Primary open-angle glaucoma (POAG) is a clinically important and genetically heterogeneous cause of progressive vision loss as a result of retinal ganglion cell death. Here we have utilized trio-based, whole-exome sequencing to identify the genetic defect underlying an autosomal dominant form of adult-onset POAG segregating in an African-American family. Exome sequencing identified a novel missense variant (c.418C>T, p.Arg140Trp) in exon-5 of the gene coding for epidermal growth factor (EGF) containing fibulin-like extracellular matrix protein 1 (EFEMP1) that co-segregated with disease in the family. Linkage and haplotype analyses with microsatellite markers indicated that the disease interval overlapped a known POAG locus (GLC1H) on chromosome 2p. The p.Arg140Trp substitution was predicted in silico to have damaging effects on protein function and transient expression studies in cultured cells revealed that the Trp140-mutant protein exhibited increased intracellular accumulation compared with wild-type EFEMP1. In situ hybridization of the mouse eye with oligonucleotide probes detected the highest levels of EFEMP1 transcripts in the ciliary body, cornea, inner nuclear layer of the retina, and the optic nerve head. The recent finding that a common variant near EFEMP1 was associated with optic nerve-head morphology supports the possibility that the EFEMP1 variant identified in this POAG family may be pathogenic.
Citation: Mackay DS, Bennett TM, Shiels A (2015) Exome Sequencing Identifies a Missense Variant in EFEMP1 Co-Segregating in a Family with Autosomal Dominant Primary Open-Angle Glaucoma. PLoS ONE 10(7): e0132529. https://doi.org/10.1371/journal.pone.0132529
Editor: Anneke I. den Hollander, Radboud University Nijmegen Medical Centre, NETHERLANDS
Received: February 26, 2015; Accepted: June 15, 2015; Published: July 10, 2015
Copyright: © 2015 Mackay et al. This is an open access article distributed under the terms of the Creative Commons Attribution License, which permits unrestricted use, distribution, and reproduction in any medium, provided the original author and source are credited
Data Availability: All relevant data are within the paper and its Supporting Information files.
Funding: This work was supported by National Institutes of Health (NIH) grants EY012284 (to A.S.) and EY02687 (Core Grant for Vision Research), and by an unrestricted grant to the Department of Ophthalmology and Visual Sciences from Research to Prevent Blindness (RPB). The Genome Technology Access Center (GTAC) at Washington University School of Medicine is partially supported by NIH grants P30 CA91842, and UL1 TR000448. The funders had no role in study design, data collection and analysis, decision to publish, or preparation of the manuscript.
Competing interests: The authors have declared that no competing interests exist.
Glaucoma is a clinically heterogeneous group of optic neuropathies that present as progressive loss of visual field, with or without elevated intraocular pressure, characteristic excavation ('cupping') of the optic nerve head as a result of retinal ganglion cell death . Worldwide, glaucoma constitutes a prevalent cause (~3.54%) of irreversible blindness afflicting over 64 million adults aged 40–80 years . Primary open-angle glaucoma (POAG), in which the irido-corneal angle and anterior eye structures appear normal under gonioscopy examination, is the most common form diagnosed in all populations studied and is especially prevalent (~4.2%) in those with African ancestry. Genetic approaches reveal that POAG may be inherited either as a common, complex trait with adult onset or, less frequently, as a classical Mendelian or monogenic disease that tends to have an early onset  (OMIM, www.omim.org).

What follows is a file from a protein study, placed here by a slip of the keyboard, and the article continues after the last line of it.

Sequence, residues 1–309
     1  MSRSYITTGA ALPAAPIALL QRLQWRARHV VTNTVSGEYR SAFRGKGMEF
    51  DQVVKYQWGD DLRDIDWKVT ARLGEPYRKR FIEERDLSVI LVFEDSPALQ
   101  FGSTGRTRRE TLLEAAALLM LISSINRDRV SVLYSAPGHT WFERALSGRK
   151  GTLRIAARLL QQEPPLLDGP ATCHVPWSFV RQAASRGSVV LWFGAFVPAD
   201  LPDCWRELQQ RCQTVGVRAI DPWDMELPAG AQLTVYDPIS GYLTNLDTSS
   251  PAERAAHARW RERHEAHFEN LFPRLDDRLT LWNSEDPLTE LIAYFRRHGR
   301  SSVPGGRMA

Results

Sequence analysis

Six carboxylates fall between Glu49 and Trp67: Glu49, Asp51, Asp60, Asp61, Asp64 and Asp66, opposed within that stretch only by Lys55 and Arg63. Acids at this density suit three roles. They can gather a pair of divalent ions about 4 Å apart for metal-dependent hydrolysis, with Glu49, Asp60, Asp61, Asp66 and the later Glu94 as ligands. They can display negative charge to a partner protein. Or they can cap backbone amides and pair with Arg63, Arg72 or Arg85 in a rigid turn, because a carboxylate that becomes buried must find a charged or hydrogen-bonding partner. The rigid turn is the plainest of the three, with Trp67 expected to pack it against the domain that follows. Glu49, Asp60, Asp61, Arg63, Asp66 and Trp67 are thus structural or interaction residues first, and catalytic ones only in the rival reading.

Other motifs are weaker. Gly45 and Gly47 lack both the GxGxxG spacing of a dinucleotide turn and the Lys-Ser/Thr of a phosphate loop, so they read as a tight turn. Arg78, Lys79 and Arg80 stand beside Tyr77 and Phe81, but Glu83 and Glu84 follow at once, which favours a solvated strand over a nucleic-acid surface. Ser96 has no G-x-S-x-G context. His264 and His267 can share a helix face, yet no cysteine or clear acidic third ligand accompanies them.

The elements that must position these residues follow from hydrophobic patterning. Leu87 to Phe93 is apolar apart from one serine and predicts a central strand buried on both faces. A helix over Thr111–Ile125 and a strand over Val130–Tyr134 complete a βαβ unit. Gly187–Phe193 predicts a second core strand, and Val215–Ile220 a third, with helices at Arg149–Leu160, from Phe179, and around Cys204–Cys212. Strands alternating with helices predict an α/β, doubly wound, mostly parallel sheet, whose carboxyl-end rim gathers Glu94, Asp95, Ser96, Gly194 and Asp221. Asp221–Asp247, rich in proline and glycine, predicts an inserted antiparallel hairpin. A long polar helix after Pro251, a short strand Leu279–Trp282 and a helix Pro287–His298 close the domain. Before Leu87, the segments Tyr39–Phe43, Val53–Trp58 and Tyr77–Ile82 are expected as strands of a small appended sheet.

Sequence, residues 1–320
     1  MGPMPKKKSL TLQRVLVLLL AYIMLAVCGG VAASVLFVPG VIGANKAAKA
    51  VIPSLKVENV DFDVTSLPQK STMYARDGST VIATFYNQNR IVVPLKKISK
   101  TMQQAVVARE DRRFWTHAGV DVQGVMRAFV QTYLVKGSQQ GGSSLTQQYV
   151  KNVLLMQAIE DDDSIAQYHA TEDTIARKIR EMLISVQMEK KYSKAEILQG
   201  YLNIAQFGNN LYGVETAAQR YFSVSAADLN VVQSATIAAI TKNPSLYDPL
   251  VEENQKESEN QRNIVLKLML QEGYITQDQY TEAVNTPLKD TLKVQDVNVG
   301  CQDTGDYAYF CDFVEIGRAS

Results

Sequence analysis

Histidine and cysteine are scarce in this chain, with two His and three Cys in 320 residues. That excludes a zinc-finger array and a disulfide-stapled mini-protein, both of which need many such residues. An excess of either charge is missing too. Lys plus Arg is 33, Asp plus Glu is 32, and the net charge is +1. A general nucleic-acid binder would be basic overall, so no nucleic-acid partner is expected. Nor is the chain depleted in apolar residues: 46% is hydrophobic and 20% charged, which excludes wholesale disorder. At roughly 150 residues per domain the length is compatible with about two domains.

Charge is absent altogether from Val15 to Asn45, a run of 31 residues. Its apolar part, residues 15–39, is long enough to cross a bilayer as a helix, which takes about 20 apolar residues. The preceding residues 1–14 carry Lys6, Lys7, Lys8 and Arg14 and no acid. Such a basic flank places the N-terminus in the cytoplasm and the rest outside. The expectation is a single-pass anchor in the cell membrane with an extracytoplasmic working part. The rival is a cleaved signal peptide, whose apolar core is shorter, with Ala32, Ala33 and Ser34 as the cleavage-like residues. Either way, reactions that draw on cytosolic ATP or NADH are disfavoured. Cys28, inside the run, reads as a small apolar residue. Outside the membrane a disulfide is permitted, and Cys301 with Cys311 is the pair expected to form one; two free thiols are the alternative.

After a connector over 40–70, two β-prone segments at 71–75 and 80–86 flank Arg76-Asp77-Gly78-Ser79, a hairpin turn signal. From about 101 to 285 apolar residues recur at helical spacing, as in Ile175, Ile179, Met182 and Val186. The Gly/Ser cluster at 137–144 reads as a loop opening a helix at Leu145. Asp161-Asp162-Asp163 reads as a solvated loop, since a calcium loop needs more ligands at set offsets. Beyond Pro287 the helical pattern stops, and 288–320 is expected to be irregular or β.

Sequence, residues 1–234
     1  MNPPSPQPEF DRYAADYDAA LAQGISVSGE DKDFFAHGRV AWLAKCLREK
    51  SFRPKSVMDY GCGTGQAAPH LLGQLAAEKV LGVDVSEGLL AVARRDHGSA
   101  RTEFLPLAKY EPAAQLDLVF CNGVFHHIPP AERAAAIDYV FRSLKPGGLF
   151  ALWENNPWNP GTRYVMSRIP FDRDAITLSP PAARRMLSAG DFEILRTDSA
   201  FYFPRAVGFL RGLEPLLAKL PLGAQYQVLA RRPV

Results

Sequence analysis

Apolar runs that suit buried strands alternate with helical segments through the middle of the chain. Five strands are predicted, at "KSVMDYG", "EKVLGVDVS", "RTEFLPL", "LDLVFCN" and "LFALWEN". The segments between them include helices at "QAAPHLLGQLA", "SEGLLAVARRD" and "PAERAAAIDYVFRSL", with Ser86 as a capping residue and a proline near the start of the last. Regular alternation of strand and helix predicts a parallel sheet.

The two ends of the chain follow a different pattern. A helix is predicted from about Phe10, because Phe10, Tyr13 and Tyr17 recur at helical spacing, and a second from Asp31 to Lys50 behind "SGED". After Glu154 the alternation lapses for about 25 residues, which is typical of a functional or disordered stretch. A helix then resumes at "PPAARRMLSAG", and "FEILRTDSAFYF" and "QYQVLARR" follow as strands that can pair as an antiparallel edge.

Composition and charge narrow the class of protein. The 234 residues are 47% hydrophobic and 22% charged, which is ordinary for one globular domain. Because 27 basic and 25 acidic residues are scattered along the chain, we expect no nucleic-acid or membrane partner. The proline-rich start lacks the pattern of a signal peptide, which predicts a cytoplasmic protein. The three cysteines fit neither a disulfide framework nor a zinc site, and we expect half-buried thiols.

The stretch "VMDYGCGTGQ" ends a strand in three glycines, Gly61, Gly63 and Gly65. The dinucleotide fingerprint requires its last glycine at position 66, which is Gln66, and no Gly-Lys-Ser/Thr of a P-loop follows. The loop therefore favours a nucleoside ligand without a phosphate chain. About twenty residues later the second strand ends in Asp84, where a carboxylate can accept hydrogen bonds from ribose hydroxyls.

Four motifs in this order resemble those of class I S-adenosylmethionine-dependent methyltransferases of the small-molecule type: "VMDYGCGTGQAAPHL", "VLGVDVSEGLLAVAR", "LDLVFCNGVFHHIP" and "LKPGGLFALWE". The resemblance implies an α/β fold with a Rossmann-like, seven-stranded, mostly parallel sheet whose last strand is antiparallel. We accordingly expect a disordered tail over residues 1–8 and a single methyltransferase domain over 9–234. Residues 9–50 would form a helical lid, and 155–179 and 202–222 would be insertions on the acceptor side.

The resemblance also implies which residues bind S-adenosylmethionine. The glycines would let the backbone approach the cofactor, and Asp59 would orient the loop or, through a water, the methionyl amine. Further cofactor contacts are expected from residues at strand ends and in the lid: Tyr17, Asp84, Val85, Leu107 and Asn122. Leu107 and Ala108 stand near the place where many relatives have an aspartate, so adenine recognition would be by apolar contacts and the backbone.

Genetic linkage studies of multiplex families, mostly of European ancestry, have identified at least 21 loci (GLC) for Mendelian forms of POAG [4–8]. Four of these loci (GLC3A-D) have been linked with autosomal recessive primary congenital or infantile glaucoma (PCG), 15 loci (GLC1A-H, GLC1J, GLC1K-N, GLC1P-Q) with juvenile-onset (10–35 years) and/or adult-onset (>35 years) forms of autosomal dominant POAG, and two loci with adult-onset, complex POAG (GLC1I, GLC1O). So far, linkage-based approaches have resulted in the discovery of eight causative genes for monogenic POAG namely, MYOC (GLC1A), OPTN (GLC1E), ASB10 (GLC1F), WDR36 (GLC1G), NTF4 (GLC1O), TBK1 (GLC1P), CYP1B1 (GLC3A), and LTBP2 (GLC3D). However, the identity of causative genes at the remaining loci remains enigmatic.
Beyond linkage studies, numerous (>120) case-control association studies of candidate-gene or genome-wide common genetic variants have sought to identify susceptibility genes for adult-onset, complex POAG . Currently, single nucleotide polymorphisms (SNPs) and/or copy number variations (CNVs) in at least 65 possible susceptibility genes or loci have been identified for complex POAG predominantly in populations of Caucasian and Asian ancestries. Such genetic heterogeneity is consistent with multiple risk variants, each with small pathogenic effects, contributing to POAG etiology. It has been estimated that variants in at least five of the genes identified through linkage studies of Mendelian POAG (MYOC, OPTN, WDR36, CYP1B1, ASB10) may account for up to 10% of the heritability of complex POAG cases, suggesting that discovery of additional genes for monogenic forms of POAG may enhance understanding of the genetic architecture of complex POAG. Moreover it appears that genetic risk variants for the disproportionally high prevalence of POAG in anthropologically-older populations of African ancestry may differ from those in Caucasians [9,10]. Here we have conducted trio-based, whole-exome, massively-parallel sequencing in order to identify the genetic mutation underlying an autosomal dominant form of POAG segregating in an African-American family.